The municipal council cleans up | Block Island Time

The city council did some year-end housekeeping at its June 15 meeting. As the fiscal year ends on June 30, the city’s chief financial officer, Amy Land, led them through what she called “annual exercises.”
The first was to reallocate spending that was “unplanned or above forecast”. All expenditures are offset by underspending in other sectors or departments. Expenditures range from processing fees resulting from the acceptance of credit cards by the Ports Department to the transfer of the salary of the Director of Public Works from the Roads Department to the Administrative Department.
One expense caught the council’s attention: $90,200 in “capital investment” for the “Chief’s House” at the Coast Guard Station, which was commissioned to house Police Chief Matthew Moynihan. City manager Maryanne Crawford said one of the biggest expenses for making the building more livable was heating and cooling.
First Warden André Boudreau said he knew Robbie Gilpin worked on the roof.
Second Director Sven Risom asked if the house would be available for a new police chief.
Crawford said it will, but there’s still a lot to do.
“I felt like we all knew the work was going on,” Councilor Keith Stover said, “but where did the money come from? I’m curious how it works.
Land said work started last summer and the money came from other parts of the budget. “We are constantly assessing whether we have the capacity to absorb [the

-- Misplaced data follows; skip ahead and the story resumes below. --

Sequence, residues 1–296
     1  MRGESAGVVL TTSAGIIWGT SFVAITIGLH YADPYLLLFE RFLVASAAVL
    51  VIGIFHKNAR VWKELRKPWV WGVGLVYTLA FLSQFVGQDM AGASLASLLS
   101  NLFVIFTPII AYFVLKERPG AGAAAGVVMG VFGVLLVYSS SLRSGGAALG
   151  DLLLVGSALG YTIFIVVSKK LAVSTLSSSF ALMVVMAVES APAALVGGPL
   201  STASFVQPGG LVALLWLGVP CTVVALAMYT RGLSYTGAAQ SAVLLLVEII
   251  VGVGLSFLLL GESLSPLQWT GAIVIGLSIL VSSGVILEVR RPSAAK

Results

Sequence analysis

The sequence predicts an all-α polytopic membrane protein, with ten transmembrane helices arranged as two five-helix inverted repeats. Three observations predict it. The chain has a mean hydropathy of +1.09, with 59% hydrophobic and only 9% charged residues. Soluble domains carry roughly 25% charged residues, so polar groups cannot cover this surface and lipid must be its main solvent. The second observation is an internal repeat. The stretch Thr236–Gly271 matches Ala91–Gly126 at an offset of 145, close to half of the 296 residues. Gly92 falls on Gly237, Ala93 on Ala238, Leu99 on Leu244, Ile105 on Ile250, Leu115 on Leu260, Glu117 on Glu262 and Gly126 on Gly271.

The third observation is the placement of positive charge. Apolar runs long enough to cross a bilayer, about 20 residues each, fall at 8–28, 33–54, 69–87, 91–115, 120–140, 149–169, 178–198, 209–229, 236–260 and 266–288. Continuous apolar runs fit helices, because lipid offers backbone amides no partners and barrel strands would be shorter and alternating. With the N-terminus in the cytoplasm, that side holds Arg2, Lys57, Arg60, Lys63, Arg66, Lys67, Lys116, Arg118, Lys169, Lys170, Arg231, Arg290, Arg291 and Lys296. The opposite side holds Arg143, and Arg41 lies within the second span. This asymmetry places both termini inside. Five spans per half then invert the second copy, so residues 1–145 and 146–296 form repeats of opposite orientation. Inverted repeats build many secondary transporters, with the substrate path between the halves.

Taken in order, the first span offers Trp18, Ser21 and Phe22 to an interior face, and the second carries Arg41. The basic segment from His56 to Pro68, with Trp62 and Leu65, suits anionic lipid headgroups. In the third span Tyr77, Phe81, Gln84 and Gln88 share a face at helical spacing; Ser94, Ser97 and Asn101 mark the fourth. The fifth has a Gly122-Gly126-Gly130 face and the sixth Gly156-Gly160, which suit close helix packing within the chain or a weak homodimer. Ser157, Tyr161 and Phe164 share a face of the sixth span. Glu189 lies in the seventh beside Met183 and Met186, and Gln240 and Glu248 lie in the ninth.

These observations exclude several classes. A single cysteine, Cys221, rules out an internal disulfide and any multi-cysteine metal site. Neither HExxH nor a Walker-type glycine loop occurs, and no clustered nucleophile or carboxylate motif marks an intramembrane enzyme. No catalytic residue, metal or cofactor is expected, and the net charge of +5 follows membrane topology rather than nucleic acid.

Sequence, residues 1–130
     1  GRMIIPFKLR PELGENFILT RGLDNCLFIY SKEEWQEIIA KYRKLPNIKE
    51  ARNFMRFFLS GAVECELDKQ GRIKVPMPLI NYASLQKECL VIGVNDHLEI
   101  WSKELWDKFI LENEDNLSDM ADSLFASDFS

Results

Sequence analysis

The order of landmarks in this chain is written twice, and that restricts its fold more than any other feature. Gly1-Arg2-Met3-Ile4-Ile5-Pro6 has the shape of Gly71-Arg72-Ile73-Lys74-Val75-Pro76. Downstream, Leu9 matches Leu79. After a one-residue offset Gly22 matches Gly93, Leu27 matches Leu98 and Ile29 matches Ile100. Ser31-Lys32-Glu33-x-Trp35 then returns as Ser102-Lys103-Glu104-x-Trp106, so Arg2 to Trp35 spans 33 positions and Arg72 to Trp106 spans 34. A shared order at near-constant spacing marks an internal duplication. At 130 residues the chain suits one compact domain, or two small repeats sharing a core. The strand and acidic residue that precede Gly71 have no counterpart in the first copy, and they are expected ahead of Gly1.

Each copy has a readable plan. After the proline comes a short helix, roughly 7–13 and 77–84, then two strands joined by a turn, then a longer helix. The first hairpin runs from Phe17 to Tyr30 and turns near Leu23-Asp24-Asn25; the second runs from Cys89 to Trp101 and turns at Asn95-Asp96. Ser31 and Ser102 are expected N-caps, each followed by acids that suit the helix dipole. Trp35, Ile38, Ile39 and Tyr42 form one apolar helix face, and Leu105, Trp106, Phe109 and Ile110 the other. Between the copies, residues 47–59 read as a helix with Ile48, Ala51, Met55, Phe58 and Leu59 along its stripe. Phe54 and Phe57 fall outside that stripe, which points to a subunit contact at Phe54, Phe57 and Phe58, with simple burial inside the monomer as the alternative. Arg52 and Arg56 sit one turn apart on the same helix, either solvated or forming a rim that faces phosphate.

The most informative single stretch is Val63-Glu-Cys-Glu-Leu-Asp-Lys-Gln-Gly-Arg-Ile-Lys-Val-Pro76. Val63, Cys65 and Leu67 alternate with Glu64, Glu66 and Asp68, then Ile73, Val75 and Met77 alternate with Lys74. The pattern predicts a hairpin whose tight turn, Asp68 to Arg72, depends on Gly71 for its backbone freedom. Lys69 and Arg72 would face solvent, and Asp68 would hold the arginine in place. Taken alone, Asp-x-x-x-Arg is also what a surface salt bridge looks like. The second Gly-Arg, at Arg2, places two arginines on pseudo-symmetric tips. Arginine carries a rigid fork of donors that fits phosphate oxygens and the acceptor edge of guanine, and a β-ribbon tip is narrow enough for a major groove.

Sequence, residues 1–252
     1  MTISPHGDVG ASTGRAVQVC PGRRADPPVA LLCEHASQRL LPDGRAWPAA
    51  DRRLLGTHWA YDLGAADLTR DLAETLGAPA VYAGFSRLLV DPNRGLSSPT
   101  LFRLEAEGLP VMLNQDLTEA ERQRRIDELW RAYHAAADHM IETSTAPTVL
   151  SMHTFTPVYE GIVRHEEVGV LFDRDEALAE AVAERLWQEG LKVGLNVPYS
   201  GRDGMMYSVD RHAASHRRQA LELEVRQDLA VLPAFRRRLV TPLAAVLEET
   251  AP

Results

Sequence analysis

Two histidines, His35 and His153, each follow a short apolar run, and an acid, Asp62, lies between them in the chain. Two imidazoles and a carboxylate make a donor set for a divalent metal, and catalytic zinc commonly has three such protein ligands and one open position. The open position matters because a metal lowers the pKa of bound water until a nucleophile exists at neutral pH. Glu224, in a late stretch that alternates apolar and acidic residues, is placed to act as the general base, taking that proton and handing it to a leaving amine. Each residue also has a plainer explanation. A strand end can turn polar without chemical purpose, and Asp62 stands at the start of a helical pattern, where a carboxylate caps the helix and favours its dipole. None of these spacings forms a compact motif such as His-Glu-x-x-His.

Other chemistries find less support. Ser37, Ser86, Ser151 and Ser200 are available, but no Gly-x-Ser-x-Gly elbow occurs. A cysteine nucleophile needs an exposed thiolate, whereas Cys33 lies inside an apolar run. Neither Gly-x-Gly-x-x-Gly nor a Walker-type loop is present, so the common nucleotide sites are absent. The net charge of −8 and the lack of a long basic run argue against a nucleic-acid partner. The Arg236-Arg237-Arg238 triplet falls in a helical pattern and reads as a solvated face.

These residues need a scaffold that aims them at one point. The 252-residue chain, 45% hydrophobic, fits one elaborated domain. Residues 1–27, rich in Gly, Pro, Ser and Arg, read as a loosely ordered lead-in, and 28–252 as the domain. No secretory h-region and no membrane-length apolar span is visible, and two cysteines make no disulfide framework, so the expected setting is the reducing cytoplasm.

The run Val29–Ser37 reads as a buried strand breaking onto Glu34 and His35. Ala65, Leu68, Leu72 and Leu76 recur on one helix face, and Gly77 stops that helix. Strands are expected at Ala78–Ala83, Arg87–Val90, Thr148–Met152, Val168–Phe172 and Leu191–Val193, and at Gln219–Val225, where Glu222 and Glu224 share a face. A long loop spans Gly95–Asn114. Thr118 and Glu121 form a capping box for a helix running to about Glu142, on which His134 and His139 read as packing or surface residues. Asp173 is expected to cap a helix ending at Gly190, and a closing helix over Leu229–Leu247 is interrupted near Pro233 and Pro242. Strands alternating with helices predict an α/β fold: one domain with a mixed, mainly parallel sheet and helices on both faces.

“I feel like spending $90,000 is a political conversation we should have had,” Stover said. “It’s my opinion.”
“I agree with Keith one hundred percent,” Boudreau said. “It was money well spent, but yeah.”
Everyone seemed to agree that there should have been more transparency, but were happy with the results so far.
“I’m so glad we finally got to use this building after 25 years,” Ball said, referring to when the city took ownership of the Coast Guard station complex.
Resident Bill McCombe said: ‘The question is whether it’s full, and if not, let’s allocate those funds to him.’
In the end, the Council approved all budget transfers.
Regarding the allocation of unused capital funds in fiscal year 2022 to 2023, Land said, “Again, this is somewhat of an annual exercise.” She explained that the board would allow reserve funds not spent in fiscal year 2022 to be spent on the same items in fiscal year 2023. With the exception of money for real estate revaluations, all elements appear in the investment budget.
One such item is the Mansion Beach bathroom. Crawford said the project would require input from RI’s environmental management department, and “they’ll be there in the fall.”
One last bit of tidying up the books was for the board to approve the write-off of uncollectible taxes, which totaled $693.59 for 2011. Still, looking at the names on the list, Risom wondered why the one of them should be written off.
Land said the amounts were not property taxes, but rather motor vehicle taxes or, in a few cases, intangible property taxes. “The state has a mechanism to collect motor vehicle taxes,” and probably had, so it was just a matter of getting them off the city’s books.
The city council also denied an application by the Block Island Lions Club for a Class F liquor license for the Run Around the Block road race at Fred Benson Town Beach. Currently, no alcohol is permitted on the beaches or in town facilities.
“Until we change policy, we’ll have to be the Grinches,” councilman Mark Emmanuelle said.
Crawford said she spoke to Lions Club member Robbie Closter and suggested that after the race, participants move to another venue where alcohol could be served, such as The Sullivan House.
The Block Island Yacht Club was recently denied a similar request to serve alcohol at an event at Ball O’Brien Park and Ball wondered why groups bothered to apply when they knew the city’s alcohol policies.
City Clerk Millie McGinnes said she submitted the application because the applicant thought there might be “wiggle room”.
The motion was defeated unanimously.

Lynn A. Saleh